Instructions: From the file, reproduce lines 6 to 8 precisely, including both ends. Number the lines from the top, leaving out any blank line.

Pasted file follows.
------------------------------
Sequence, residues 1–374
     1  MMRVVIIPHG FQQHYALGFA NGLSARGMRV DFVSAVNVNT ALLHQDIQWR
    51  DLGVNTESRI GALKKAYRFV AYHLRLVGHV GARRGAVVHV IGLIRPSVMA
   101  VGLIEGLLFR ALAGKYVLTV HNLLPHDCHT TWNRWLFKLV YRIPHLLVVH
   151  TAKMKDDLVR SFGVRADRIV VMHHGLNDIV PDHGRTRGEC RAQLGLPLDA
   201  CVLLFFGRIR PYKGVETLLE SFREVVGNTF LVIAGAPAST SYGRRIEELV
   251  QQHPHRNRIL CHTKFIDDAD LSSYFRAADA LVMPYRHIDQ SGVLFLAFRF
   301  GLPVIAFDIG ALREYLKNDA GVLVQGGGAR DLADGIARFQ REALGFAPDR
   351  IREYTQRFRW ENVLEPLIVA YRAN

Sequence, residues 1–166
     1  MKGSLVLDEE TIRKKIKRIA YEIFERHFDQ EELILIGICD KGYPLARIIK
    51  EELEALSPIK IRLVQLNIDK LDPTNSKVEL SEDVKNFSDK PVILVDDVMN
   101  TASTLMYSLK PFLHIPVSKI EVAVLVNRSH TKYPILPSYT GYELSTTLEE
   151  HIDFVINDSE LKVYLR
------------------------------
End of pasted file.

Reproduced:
   201  CVLLFFGRIR PYKGVETLLE SFREVVGNTF LVIAGAPAST SYGRRIEELV
   251  QQHPHRNRIL CHTKFIDDAD LSSYFRAADA LVMPYRHIDQ SGVLFLAFRF
   301  GLPVIAFDIG ALREYLKNDA GVLVQGGGAR DLADGIARFQ REALGFAPDR